I have asked myself, why is it so hard for me to ask for help in the first place? Why is it so hard for most people to ask for help? For me, I think that sometimes it has to do with not wanting to feel vulnerable. By accepting help, I’m admitting that things are hard and that I don’t have everything completely under control. Other times, it has been about not wanting to be a burden, and not wanting to inconvenience anyone else for my sake.
But there are many reasons why people are uncomfortable asking for help. Some people worry that they’ll be seen as needy if they ask for help. And other people are afraid of feeling rejected if someone says no, some people don’t want to feel indebted to other people by taking help, and some people don’t want to ask for help because they think that it means that they aren’t good enough if they can’t do it all by themselves. But the truth is that we were never meant to do it ourselves. And there is nothing wrong with us when we can’t. God didn’t create us to do it all by ourselves. From the time we are born to the time that we die and many, many times in between we need help. And that’s not a bad thing.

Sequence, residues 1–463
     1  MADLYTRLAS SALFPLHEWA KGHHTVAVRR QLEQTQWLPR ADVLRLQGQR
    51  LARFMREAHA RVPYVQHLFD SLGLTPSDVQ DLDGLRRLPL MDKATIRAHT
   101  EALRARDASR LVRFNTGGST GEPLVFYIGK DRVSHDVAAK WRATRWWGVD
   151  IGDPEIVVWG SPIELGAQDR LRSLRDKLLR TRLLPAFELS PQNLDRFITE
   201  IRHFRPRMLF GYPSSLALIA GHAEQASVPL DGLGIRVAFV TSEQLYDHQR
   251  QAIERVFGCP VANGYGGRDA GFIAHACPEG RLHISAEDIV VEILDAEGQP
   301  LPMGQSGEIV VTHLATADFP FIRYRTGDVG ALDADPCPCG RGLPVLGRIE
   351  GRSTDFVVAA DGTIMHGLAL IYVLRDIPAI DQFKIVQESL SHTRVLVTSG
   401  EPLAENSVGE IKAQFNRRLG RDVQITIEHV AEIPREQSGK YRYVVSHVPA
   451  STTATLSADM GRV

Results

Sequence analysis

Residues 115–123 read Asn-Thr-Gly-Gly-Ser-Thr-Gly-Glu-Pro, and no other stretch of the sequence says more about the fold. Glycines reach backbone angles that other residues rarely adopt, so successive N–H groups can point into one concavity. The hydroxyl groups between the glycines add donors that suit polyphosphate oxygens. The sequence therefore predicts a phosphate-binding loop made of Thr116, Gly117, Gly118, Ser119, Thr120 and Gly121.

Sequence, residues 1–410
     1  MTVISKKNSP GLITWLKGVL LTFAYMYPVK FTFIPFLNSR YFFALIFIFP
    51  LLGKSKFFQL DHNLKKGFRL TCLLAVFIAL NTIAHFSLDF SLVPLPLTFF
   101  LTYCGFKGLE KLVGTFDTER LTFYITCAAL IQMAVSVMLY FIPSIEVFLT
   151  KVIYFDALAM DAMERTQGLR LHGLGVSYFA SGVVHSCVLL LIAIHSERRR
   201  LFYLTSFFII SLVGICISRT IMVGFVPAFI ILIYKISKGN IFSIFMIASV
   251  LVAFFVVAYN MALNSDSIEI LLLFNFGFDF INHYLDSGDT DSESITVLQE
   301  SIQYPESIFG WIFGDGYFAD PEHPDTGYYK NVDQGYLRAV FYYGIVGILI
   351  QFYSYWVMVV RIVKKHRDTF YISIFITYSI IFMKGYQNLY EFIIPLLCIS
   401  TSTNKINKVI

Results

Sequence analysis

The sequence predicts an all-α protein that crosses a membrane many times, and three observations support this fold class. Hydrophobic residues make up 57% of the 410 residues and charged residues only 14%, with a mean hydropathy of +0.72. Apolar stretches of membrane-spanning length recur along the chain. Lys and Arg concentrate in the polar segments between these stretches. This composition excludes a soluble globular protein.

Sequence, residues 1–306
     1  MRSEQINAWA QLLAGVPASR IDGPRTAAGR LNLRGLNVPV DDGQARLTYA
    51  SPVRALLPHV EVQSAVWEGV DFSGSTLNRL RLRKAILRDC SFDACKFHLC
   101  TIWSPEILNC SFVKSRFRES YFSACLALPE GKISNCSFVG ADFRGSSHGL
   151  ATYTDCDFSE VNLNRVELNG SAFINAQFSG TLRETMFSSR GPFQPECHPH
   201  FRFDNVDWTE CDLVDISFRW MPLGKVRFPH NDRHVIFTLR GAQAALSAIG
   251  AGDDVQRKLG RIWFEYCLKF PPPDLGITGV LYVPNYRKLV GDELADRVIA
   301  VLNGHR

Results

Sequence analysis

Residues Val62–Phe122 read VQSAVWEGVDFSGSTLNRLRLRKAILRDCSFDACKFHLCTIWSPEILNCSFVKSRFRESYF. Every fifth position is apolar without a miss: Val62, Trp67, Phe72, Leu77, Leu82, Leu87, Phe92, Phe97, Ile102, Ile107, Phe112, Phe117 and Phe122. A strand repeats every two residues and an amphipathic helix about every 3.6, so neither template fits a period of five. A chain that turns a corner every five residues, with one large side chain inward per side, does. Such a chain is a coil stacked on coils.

Does the Torah teach about asking for help?
There are only two times in the five books of Moses where God uses the term that in English means, “it’s not good.” The first time is in reference to Adam, the first man. In Genesis 2:18 we read, “It’s not good for man to be alone. I will make a helper suitable for him.” The second time is when Moses’ father-in-law, Jethro, saw how overburdened Moses was when he served as the only judge for the entire nation of Israel. And in Exodus 18:17 he said, “what are you doing? It is not good.” And he helped Moses delegate his duties and set up a system that was better for everyone.